• Before you jump on the bandwagon for a hot product, make sure it’s worth your effort. Will the market be saturated before you can make a profit? Will selling the product require investments in more personnel, space, or energy that could cut into your profits?
  • Which products can our organization reliably source in order to meet consumer demand?
    • Think through the logistics of the parts and supplies you’ll need to deliver a high-quality product, and make sure your supply chain is intact and ready to deliver.
  • Are there any new products or services that can be organically incorporated into our brand or organizational structure?
    • As the home-gardening example illustrates, it may be possible to expand upon your product offerings in a way that strengthens your overall business strategy. 

 

#3 Streamline manual processes with digital solutions

From purchasing to making payments, digital solutions can help drive efficiencies and cut down on administrative headaches. These efficiencies can give you time back to focus on your business.

 

Having more time to spend on residents' needs, and less time on paperwork, were two of the goals Cortland's procurement leadership team had when looking into digital solutions for their nationwide organization of over 60,000 apartment homes. Each of Cortland's 180 communities was purchasing for their own needs using a purchasing card account (P-Cards) and then tracking these purchases with expense reporting.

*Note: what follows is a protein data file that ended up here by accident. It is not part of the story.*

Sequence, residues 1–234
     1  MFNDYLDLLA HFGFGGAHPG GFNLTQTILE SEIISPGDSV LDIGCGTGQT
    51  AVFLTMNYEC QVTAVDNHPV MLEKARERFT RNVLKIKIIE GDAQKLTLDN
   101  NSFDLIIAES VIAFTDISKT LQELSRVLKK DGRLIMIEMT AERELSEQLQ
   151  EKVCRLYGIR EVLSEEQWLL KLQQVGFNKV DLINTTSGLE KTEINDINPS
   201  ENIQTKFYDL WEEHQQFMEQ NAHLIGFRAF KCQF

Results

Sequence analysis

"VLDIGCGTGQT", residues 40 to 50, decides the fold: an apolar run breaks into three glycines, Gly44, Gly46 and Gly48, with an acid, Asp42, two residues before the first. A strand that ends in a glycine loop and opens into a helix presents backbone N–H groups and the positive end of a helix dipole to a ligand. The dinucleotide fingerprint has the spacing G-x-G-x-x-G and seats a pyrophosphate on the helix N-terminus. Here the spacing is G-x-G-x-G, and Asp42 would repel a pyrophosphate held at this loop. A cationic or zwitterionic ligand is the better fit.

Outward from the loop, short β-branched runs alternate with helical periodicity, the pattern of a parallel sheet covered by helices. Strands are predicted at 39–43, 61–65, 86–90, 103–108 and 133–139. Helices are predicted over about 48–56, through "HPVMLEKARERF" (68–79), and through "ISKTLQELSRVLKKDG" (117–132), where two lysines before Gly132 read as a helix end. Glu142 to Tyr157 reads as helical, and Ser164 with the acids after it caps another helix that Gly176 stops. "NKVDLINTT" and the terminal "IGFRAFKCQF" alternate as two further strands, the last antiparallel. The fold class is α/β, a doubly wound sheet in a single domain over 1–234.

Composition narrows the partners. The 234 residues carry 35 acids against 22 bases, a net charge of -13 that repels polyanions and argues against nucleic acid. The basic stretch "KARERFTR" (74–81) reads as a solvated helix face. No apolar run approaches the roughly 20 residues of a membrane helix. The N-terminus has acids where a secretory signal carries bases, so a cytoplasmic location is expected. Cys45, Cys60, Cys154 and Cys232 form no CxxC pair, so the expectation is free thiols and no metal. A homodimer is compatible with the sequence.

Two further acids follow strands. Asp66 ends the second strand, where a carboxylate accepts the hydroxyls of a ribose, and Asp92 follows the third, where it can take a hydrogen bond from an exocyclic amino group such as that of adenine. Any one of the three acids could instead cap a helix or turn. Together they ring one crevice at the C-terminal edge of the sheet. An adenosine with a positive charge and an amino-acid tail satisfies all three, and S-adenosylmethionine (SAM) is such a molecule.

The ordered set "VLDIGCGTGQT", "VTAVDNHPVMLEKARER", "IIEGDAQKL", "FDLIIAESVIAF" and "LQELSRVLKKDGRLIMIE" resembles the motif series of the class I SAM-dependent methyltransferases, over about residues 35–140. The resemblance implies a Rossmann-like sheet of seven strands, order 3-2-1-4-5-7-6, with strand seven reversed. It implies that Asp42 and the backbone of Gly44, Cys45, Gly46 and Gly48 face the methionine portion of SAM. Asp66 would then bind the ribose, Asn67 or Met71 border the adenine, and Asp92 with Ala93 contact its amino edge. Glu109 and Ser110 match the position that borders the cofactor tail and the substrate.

“Our community managers were spending too much time ordering, expensing, and waiting for what they needed to keep the communities running smoothly, whereas their time would be better spend outside of the office ensuring our residents were getting an excellent standard of service,” explains Jonathan Kirn, Director of Ancillary Services at Cortland.

 

To save time and better track spending, Cortland now uses a feature within Amazon Business’s Pay by Invoice to allow its communities to order everything they need on a monthly basis against a credit line. They set up Pay by Invoice, which is a purchasing line available to eligible organizations, to receive one invoice from Amazon Business all while getting extended payment terms. This way, each community can open one purchase order every month within their existing accounting system, receive one detailed invoice from Amazon Business for all their orders, and process one payment. Using Pay by Invoice gives the procurement team more visibility into spending and trends while also eliminating the need for P-Cards.

 

#4 Identify options to tap into capital

Regardless of whether you’re starting or restarting an organization, you’ll likely require an upfront capital investment. There are numerous ways to access that capital, but credit products make it easy to get (and keep) your business going when your cash is limited. 

Amazon Business offers:

 
 

1 https://hbr.org/2009/04/how-to-market-in-a-downturn-2

2 https://www.reuters.com/article/us-health-coronavirus-gardens/home-gardening-blooms-around-the-world-during-coronavirus-lockdowns-idUSKBN2220D3